Sinful Inadequacy

Russell Moore was asked by Anderson Cooper about a tweet in which he was called “a nasty guy with no heart.” Moore said he agreed with the tweet and “we sing worse things about ourselves on Sunday mornings. Our hymns contain harsh language about us, which aligns with Scripture. We are born in sin and by nature, we are children of wrath (Psalm 51:5; Ephesians 2:3). We are unrighteous and our righteous deeds are like filthy rags (Romans 3:10-11; Isaiah 64:6). Our hearts are deceitful and desperately sick (Jeremiah 17:9). Evil thoughts, fornications, thefts, murders, and adulteries are within our hearts (Mark7:21). Sin touches every word, deed, and thought. Sin makes us inadequate.

Christ Is Sufficient

Nothing is outside the power of Jesus Christ. Christ created everything and he upholds it (Colossians 1:15-17). The Lord has the power to change hearts (Proverbs 21:1).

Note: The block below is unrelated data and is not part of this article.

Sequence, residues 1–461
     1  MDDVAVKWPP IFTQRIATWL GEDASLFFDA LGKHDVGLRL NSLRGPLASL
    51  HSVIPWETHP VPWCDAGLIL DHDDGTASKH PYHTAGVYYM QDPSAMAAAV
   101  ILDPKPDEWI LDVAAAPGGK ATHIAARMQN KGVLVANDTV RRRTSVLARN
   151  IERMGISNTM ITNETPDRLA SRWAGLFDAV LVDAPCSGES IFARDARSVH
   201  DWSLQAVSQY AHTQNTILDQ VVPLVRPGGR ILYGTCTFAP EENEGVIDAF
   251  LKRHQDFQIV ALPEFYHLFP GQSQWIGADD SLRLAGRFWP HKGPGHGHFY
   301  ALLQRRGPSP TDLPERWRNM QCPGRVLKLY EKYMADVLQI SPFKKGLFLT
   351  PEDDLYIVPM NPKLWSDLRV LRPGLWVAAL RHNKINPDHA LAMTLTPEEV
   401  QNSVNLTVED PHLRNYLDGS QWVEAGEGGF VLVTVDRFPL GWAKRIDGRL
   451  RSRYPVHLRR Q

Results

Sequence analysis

In other words, “He’s got the whole world in his hands.” Nobody has the power to stay his hand (Daniel 4:35).  In him, there is no darkness or trace of sin (1 John 1:5). He is perfectly pure. He has no equal. His power knows no end. Sin and Satan are subject to him. Christ is sufficient.

Look to Jesus

We lack the ability to have completely pure motives. Sin contaminates every aspect of us. It makes our service, worship, and work impure. Compared to Christ we are inadequate. Apart from Christ, we can literally do nothing (John 15:5). This is our reality until Christ comes or we go to meet him.

Let your impotent state cause you to look to Christ. Jesus sanctifies every aspect of us. He makes our impure service, worship, and work pleasing to the Father. Whenever you see your inadequacy gaze at the sufficiency of Christ. Robert Murray McCheyne says “For every look at self—take ten looks at Christ!” How do I handle feeling inadequate? I embrace it and let it lead me to gaze upon Christ.